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Otherness in The merchant of Venice, The Scarlet Letter and The Crucible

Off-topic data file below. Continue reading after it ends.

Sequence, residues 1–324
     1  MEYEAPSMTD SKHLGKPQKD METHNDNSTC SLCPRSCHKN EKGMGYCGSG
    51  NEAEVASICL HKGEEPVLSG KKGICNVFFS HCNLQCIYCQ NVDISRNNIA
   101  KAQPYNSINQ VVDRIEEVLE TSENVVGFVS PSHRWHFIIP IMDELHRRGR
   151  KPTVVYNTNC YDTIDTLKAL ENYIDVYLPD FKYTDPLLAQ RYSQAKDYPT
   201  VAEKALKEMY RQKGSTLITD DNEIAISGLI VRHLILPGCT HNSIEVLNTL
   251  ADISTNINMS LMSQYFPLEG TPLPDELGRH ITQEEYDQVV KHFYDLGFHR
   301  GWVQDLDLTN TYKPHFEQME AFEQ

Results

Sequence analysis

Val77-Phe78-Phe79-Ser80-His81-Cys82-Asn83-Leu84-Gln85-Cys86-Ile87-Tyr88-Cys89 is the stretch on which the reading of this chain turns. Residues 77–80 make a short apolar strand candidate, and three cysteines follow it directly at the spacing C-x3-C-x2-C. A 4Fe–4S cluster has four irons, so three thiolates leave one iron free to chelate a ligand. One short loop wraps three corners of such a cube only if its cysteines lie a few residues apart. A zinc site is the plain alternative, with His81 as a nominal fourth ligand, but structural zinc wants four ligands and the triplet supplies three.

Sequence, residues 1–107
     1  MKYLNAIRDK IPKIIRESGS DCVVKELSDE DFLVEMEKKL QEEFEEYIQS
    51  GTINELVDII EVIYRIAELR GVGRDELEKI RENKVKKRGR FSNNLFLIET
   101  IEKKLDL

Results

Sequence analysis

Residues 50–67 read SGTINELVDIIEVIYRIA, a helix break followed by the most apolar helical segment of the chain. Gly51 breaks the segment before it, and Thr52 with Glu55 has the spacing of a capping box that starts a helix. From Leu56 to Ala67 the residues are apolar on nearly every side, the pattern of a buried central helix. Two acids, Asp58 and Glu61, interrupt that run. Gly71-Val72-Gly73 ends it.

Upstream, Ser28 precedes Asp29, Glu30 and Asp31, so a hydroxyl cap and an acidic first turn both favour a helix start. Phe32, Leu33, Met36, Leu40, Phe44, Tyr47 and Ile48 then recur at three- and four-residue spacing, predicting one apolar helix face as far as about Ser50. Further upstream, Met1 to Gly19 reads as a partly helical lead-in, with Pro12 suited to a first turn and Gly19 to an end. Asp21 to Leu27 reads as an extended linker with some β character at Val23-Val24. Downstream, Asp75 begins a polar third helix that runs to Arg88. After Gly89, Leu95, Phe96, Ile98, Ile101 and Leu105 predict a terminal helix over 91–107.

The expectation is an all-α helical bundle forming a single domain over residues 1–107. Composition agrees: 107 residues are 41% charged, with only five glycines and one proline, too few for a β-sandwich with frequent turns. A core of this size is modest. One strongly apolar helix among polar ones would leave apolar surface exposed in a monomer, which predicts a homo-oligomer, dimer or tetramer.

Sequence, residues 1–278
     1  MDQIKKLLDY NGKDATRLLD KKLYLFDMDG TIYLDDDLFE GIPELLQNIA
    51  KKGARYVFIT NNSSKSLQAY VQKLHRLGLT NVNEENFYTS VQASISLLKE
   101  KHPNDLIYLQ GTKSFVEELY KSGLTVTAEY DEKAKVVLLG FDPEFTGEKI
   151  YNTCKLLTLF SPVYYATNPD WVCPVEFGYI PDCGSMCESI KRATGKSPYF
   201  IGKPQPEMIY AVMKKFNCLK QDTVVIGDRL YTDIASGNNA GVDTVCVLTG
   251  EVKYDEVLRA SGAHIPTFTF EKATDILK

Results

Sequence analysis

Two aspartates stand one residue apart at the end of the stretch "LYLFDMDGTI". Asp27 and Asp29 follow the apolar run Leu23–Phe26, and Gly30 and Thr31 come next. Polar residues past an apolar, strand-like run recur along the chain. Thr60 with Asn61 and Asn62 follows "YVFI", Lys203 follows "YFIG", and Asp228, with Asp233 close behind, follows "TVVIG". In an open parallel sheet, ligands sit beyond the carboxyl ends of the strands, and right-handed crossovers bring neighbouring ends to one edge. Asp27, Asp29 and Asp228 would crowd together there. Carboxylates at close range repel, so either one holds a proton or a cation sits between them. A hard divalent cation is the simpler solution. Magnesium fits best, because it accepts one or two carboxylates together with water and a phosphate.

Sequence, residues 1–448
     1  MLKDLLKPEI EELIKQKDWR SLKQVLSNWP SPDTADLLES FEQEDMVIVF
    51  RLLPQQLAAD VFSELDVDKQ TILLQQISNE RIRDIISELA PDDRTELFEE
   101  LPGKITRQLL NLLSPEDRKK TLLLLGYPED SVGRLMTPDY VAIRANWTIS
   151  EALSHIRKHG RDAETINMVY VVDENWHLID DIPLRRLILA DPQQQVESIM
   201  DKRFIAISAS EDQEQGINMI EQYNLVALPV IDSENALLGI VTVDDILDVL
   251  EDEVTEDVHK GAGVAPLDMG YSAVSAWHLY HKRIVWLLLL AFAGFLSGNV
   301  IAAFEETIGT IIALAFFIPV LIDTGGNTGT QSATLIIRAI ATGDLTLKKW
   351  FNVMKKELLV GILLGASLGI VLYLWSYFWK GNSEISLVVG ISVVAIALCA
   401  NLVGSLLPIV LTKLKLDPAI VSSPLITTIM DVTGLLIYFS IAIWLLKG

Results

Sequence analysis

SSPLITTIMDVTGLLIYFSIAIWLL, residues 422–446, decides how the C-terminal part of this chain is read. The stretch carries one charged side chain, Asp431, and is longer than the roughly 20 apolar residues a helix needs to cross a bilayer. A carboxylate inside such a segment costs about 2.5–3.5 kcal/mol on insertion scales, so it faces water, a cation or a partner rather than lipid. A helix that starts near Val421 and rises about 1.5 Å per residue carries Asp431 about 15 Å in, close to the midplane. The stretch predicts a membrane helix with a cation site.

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Oliver Denholm 13L English Literature Coursework Analyse how Shakespeare, Hawthorne and Miller explore the tensions between individual desires and wider community values in The Merchant of Venice, The Scarlet Letter and The Crucible respectively and discuss different interpretations of the writers' intentions. The struggle between individual will and community values, described by Arthur Miller as "the balance between order and freedom" is the central theme of Miller's The Crucible, Shakespeare's The Merchant of Venice and Hawthorne's The Scarlet Letter. In all three texts, community values are defined not by what is deemed to be 'normal', but by its antithesis: the 'abnormal' and the incongruous. Whilst they write from greatly differing socio-historical backgrounds - Miller, Shakespeare and Hawthorne all share an interest in the role of "the other" in society, a concept which Edward Said expanded upon in his book Orientalism. Said used the example of underlying western prejudice towards the Middle East, its peoples and its culture; defining "the orient" as "existing for the west, being controlled by the west, in relation to the west". In other terms the concept of otherness here is largely based upon self perception, and one's own place in society; with these ideas being used to subordinate others who do not fit into their society, and these three writers all investigate this conflict by examining the desires and the values of both the other, and the society. One thing the three texts all share in common is this presence of an "other" figure: a character detached from the rest of their community, who refuses to conform to the societies commonly held principles. In Shakespeare's The Merchant of Venice the play's antagonist - The Jew Shylock, is an obvious representation of "the other"; and his differences from the rest of the Venetian community are emphasised during the course of the drama. Shylock is portrayed as a character who looks at the world he is in enveloped in with scorn, taking a tone of superiority; and he openly and often ...read more.